Dr Dzul: Health Ministry will revise its work practices to support stressed healthcare workers

PETALING JAYA – Recognizing the plight faced by healthcare workers, Datuk Seri Dzulkefly Ahmad – pic – said that the Ministry is undertaking serious reforms to the healthcare sector.

The Minister of Health said that a multifaceted strategy has been used to tackle these challenges.

In a Thursday (6 June) statement, he stated: “Rest assured that we will tackle these issues with the utmost severity and pledge to reinforce our strategies whenever and wherever necessary.”

Dzulkefly, who noted the many issues facing healthcare workers, including burnout – which is constantly being highlighted in the media – said that the healthcare staff were invaluable assets and deserved comprehensive support.

The World Health Assembly has revealed that many countries face significant challenges in healthcare.

In a testimony 2023 to the House of Representatives of the Philippines, officials acknowledged that there was a shortage of more than 114,000 doctors and 127,000 nurses.

There is no easy solution to the problem of human resource shortage. We also agree that a culture shift is urgently needed and the health of our healthcare workers should be a top priority.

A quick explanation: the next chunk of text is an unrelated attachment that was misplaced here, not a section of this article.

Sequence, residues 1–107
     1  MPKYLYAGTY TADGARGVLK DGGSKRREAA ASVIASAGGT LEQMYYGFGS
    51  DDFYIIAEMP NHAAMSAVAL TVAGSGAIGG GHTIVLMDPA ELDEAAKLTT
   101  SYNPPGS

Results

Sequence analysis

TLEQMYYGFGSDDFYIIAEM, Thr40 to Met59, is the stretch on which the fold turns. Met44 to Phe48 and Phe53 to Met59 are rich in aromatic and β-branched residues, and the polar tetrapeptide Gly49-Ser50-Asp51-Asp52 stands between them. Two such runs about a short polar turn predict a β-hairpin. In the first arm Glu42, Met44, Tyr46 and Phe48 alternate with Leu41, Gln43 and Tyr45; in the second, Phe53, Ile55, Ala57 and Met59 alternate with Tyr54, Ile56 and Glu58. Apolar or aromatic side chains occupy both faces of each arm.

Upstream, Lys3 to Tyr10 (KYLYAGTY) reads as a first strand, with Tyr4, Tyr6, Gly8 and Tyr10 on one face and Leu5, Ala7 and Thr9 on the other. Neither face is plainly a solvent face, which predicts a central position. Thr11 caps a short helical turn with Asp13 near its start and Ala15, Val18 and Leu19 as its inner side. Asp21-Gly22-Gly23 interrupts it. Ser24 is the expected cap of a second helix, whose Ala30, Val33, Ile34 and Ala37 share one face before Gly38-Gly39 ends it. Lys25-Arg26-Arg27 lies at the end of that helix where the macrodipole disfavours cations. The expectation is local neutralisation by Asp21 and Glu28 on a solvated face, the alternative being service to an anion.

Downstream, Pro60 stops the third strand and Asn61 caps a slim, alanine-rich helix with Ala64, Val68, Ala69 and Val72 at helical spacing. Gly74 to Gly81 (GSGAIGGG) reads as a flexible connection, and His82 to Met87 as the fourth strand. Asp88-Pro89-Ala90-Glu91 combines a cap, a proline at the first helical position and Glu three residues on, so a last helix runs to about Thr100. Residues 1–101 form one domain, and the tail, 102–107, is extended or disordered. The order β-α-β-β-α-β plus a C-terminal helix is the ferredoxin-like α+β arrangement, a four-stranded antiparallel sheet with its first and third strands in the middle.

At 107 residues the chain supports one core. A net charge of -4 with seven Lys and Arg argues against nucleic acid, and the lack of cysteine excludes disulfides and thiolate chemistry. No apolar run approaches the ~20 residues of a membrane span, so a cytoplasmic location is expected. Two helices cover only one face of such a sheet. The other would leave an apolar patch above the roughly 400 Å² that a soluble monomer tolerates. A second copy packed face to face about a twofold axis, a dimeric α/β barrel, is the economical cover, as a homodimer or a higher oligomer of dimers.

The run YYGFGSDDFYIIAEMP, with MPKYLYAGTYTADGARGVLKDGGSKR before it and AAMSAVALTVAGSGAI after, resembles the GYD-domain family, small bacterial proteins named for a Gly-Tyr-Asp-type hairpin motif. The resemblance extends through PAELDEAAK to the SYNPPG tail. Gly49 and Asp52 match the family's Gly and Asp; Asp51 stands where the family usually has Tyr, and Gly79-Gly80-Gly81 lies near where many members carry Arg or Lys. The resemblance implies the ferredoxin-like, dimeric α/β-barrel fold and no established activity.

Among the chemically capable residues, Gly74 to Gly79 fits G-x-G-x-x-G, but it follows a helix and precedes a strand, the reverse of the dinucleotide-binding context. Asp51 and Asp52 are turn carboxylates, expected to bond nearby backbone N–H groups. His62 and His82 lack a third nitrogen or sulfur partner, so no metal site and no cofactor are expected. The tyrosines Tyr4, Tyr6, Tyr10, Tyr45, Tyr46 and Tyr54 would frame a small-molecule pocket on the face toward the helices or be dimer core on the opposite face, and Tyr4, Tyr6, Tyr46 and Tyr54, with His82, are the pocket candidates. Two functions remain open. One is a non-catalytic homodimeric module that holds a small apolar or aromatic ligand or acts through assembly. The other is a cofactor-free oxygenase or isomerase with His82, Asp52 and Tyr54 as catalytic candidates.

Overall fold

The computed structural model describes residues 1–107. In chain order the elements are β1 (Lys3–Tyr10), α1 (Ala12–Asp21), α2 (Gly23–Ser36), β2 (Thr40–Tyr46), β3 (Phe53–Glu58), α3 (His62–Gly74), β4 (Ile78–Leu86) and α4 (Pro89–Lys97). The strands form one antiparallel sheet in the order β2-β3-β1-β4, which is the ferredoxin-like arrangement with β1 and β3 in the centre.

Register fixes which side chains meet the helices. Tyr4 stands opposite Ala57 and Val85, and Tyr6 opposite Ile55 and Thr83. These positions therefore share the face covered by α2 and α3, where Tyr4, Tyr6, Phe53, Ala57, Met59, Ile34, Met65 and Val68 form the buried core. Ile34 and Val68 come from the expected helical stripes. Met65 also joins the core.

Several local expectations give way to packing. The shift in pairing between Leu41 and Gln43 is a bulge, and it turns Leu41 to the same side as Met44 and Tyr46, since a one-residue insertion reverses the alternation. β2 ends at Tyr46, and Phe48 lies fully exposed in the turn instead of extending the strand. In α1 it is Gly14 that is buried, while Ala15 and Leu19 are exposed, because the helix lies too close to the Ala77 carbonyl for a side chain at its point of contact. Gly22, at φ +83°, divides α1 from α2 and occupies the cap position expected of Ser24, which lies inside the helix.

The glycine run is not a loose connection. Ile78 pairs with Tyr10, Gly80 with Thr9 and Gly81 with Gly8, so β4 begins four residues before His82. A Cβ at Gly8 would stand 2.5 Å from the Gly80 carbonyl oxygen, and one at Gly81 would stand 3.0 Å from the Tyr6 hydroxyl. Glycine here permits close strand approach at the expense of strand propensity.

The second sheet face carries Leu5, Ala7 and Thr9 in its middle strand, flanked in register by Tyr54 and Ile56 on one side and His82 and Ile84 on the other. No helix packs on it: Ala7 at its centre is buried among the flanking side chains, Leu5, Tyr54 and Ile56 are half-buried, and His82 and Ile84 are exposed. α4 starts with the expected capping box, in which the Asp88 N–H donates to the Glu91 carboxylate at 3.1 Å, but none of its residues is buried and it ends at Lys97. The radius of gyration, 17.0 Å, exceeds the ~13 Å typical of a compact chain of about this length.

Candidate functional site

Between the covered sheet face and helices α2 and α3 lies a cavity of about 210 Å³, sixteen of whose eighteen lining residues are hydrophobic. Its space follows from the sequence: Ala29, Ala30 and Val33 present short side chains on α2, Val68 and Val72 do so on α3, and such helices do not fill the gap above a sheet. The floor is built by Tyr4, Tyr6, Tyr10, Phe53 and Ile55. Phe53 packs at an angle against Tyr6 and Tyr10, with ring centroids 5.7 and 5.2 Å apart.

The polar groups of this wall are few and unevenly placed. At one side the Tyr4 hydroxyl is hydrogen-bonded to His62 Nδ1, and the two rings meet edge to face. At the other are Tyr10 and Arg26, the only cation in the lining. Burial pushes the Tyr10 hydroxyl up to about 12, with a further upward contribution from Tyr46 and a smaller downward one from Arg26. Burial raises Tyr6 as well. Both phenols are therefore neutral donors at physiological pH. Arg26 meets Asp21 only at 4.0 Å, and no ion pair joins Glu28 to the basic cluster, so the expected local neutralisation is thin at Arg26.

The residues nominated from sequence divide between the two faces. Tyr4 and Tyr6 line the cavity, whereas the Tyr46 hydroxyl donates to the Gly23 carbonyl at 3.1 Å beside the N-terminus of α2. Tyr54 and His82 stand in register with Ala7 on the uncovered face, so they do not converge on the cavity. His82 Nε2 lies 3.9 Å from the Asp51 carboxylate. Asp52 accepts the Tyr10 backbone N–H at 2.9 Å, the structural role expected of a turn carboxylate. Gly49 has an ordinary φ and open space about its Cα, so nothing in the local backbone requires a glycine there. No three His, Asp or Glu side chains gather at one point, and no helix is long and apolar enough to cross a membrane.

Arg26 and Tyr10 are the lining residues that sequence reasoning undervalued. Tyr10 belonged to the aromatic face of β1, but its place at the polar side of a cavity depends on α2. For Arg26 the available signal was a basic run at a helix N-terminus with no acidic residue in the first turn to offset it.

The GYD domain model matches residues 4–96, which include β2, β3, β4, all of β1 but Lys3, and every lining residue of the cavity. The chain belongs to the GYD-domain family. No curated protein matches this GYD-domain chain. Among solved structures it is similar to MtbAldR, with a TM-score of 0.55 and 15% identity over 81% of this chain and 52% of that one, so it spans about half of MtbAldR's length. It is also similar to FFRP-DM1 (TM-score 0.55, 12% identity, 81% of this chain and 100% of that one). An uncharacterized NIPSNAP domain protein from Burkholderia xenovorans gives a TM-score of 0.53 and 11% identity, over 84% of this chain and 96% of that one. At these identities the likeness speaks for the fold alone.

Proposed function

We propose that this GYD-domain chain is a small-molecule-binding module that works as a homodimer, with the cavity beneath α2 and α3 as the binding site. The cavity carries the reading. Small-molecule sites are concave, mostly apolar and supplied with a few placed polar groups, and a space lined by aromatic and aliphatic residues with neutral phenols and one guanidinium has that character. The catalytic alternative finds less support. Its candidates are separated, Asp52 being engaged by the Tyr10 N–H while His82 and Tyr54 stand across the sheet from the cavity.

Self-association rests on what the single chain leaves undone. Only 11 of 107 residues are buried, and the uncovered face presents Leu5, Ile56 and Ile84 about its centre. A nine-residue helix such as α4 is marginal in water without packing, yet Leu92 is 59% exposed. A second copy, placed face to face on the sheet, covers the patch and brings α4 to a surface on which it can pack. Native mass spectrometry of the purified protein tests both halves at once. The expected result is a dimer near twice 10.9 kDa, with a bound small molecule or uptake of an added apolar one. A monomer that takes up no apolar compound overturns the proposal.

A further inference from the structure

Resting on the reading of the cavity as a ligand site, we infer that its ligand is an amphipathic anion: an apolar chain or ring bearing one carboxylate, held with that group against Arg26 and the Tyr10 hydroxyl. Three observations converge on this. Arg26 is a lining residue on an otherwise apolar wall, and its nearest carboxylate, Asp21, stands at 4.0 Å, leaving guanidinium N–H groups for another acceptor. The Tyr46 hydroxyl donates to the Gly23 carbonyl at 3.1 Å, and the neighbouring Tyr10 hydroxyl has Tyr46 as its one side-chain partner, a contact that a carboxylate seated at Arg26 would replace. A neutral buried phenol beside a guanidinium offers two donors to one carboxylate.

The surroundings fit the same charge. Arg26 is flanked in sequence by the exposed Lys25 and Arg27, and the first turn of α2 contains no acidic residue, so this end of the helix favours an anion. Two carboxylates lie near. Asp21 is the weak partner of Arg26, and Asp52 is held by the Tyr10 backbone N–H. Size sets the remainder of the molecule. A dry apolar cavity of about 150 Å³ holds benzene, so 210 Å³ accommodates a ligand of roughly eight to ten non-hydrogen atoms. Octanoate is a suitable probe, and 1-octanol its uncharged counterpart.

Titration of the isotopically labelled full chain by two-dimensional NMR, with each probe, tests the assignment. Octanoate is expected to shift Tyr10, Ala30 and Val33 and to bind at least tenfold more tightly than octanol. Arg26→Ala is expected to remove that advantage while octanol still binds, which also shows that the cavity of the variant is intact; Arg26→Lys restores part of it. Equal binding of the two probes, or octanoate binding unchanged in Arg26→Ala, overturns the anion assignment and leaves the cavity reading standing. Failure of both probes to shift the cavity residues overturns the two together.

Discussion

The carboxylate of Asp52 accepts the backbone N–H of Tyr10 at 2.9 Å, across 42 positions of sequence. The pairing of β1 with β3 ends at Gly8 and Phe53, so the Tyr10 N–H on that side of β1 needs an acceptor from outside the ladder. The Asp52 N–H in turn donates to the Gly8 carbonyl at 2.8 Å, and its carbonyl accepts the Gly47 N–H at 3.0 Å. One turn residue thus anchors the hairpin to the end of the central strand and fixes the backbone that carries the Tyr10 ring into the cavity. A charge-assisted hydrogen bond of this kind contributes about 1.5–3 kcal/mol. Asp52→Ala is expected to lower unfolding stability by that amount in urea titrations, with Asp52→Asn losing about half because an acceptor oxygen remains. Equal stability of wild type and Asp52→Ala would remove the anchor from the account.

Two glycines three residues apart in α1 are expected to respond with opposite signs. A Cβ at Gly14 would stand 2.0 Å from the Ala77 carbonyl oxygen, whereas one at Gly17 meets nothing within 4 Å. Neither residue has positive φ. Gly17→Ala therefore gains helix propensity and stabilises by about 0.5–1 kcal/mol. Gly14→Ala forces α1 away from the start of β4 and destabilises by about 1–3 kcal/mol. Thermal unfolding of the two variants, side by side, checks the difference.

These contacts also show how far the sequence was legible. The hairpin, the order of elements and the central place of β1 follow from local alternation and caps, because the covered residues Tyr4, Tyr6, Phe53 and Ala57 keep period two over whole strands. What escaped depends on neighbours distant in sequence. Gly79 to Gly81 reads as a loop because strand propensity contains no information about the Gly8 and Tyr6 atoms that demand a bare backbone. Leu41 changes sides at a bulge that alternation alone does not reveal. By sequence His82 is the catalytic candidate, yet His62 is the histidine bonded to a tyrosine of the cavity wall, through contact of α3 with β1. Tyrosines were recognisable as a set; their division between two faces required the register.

Dzulkefly stated that this includes promoting a healthier balance between work and life, as well as a fair compensation system.

He added that the Health Ministry was reexamining long-standing practices such as excessively lengthy on-call times.

In order to mitigate the effects of hospital overload, the ministry has taken a number of measures. These include optimizing patient distribution by clustering hospitals; exploring public-private partnership for outsourcing services; mobilizing staff in high-demand areas; and extending hours at clinics.

A survey on “supply-and-demand” conducted in collaboration by the World Bank also identifies workforce gaps.

Our financial resources are constrained. In 2016, we implemented a ‘contract for services’ or ‘contract doctor’ among other measures.

“To address these constraints, we will need to implement critical reforms as well as a financial strategy in order to build a resilient and sustainable healthcare system. Now we are tackling these reforms with seriousness.

We ask our dedicated healthcare professionals to be patient as we embark on this important transformational journey. We appreciate your patience and commitment as we strive to make positive changes.

He added, “Let’s maintain an open dialog as we move forward together.”

According to a recent ad hoc survey conducted by the Malaysian Medical Association, only 5% (or fewer) of healthcare facilities have adequate staffing.

Nearly half of the 117 respondents (48.3%), cite doctors’ resignations (28.8%), or their being transferred (13.6%) as the main reasons for staffing shortages.

Healthcare advocates warn the apparent inability to cope of workers may further exacerbate manpower shortages in the sector.

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